Rights

By Hal Walter

Last year when my son Harrison was suspended from school for taking swings at teachers, he asked if I’d ever been suspended. I answered truthfully that I had been, once, then I told him why.

I was serving out the senior year of what I viewed then as my school sentence at Moffat County High in Craig, Colorado. I also worked at the local community newspaper, the Northwest Colorado Daily Press. As part of my duties there I wrote a school news column called “MoCo Highlights.”

As I recall, someone in the school faculty had suggested I write about the new audio-visual equipment in the library. However, when I interviewed the librarians I found an even better story – they had some great new equipment but had received no training on how to use it; thus, it was collecting dust.

And so I wrote it up – and was summarily suspended from school. I was sent home, and a meeting was scheduled with my parents and the principal to discuss terms of my return. I remember we arrived at the principal’s office, and, after the usual pleasantries, my stepdad, in one of his finest parenting moments, went right for the knockdown punch, asking the principal what part of the First Amendment right to free speech and press he didn’t understand.

There was some jabbering from the principal about embarrassing the school in the community, which was met with the suggestion that maybe he could explain that better in court. I was back in school within minutes.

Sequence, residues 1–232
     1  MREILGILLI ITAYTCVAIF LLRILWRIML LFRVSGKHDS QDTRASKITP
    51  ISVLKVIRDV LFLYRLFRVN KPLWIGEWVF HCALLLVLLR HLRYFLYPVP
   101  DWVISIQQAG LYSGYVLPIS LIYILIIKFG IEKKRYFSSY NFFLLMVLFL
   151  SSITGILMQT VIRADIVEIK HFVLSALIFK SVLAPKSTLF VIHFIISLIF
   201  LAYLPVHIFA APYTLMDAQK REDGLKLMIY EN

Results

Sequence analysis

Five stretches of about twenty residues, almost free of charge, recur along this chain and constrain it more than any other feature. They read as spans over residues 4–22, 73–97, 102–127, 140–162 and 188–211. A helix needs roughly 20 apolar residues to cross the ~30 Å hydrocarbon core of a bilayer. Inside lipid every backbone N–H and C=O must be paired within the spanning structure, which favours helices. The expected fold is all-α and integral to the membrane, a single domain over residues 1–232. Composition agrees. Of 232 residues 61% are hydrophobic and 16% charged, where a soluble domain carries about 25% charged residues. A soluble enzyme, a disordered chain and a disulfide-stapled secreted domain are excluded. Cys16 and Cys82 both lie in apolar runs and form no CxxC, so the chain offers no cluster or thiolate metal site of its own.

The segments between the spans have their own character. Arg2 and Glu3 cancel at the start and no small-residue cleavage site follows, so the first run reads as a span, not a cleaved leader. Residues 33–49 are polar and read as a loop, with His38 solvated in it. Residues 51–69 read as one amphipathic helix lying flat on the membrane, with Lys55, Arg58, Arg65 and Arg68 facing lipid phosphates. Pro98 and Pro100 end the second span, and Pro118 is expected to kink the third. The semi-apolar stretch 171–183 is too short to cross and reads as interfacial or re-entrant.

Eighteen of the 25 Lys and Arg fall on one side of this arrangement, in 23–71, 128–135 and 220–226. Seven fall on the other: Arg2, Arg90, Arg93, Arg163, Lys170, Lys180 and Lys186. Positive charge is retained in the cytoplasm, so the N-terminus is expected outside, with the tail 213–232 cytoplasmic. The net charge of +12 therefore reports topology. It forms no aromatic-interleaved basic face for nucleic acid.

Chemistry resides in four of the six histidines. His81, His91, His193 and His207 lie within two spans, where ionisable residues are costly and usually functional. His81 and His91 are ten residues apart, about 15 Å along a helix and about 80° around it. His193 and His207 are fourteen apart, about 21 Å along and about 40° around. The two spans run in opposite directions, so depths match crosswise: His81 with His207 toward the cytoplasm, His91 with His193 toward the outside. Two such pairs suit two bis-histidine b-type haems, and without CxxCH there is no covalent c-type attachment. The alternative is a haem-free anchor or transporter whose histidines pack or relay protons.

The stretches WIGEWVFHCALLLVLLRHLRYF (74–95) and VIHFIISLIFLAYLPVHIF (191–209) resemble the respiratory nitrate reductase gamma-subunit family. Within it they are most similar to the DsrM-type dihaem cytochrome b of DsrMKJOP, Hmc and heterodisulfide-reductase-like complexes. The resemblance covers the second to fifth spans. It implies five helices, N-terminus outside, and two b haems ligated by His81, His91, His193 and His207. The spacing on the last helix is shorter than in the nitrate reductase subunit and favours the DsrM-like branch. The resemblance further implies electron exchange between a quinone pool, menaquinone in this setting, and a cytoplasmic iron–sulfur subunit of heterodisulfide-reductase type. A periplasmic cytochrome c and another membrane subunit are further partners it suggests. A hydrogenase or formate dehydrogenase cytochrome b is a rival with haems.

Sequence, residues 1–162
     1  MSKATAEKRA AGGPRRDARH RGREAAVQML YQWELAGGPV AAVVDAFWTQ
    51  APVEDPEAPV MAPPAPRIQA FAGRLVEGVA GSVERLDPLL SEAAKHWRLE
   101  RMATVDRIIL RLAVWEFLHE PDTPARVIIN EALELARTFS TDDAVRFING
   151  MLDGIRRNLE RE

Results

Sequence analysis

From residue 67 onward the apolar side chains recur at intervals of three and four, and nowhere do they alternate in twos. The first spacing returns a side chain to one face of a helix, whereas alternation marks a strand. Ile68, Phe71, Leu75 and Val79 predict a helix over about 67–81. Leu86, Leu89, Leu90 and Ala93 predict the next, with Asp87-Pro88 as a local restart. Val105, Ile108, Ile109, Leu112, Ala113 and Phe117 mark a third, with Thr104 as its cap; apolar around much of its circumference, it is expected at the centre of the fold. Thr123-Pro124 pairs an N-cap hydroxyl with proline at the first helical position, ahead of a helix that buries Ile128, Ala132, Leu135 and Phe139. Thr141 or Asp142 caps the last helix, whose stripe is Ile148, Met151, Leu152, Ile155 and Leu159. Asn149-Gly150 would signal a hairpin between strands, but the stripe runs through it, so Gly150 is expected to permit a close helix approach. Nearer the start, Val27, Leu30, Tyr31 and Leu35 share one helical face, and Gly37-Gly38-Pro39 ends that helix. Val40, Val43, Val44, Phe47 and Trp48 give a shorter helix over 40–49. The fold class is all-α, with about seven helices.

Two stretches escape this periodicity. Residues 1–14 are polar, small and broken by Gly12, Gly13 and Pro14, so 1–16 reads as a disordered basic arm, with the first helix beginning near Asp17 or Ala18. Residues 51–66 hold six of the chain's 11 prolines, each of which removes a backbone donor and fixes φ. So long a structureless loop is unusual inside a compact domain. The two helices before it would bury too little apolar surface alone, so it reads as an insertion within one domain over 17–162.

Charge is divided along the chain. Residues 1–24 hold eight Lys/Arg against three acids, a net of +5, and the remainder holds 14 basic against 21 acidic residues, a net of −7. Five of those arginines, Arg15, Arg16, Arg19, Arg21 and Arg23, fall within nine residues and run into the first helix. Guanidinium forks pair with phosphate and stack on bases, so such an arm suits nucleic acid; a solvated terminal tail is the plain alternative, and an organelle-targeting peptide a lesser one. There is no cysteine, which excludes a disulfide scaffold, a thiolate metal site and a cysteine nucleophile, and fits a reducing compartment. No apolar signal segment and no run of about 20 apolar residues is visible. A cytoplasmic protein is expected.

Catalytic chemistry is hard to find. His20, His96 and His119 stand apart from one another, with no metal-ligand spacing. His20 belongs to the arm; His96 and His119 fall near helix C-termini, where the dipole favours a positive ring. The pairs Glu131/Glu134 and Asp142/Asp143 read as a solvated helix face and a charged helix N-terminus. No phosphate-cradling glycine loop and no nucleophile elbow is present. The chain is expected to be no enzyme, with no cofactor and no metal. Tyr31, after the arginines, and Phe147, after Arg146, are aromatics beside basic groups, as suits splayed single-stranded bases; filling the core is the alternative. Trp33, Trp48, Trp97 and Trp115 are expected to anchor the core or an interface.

I was glad that Harrison reminded me of this as I had forgotten all about it. It led to an internal dialog about how there are some rights we take for granted, like free speech, religion and even gun ownership, but others that are not even in the Constitution but should be, like clean air and water.

What about the right to inclusion for people with special needs like my son Harrison who has autism?

While he certainly does not have the right to strike out at teachers, I have always been appreciative of and impressed by the lengths the school here in Custer County has gone to provide him with the right to inclusion in his school experience. He’s in mainstream classrooms, rides the bus and this year participated in team sports – he ran both track and cross-country. As one former teacher said, Harrison is literally writing the policy for how the school will deal with kids on the spectrum in the future.

For me, the idea that Harrison would be welcomed into the school sports programs was simply amazing. Cross-country season was a roller coaster of epic highs and lows. Track proved to be slightly more predictable with successful meets in the San Luis Valley, but he had a major public meltdown at a meet in Salida. The final competition of the season was in Fairplay, where Park County was hosting its first meet ever on its newly constructed track.

Harrison’s events are the 400-meter dash and the 800-meter run. He got a good start in the 400, then faded on the last curve. He practically came to a stop. He jogged in place and slowed to a crawl. When people cheered encouragement he plugged his ears and ran slower. Then, in the last 25 yards, he took off sprinting through the finish line and just kept going until reaching the perimeter fence.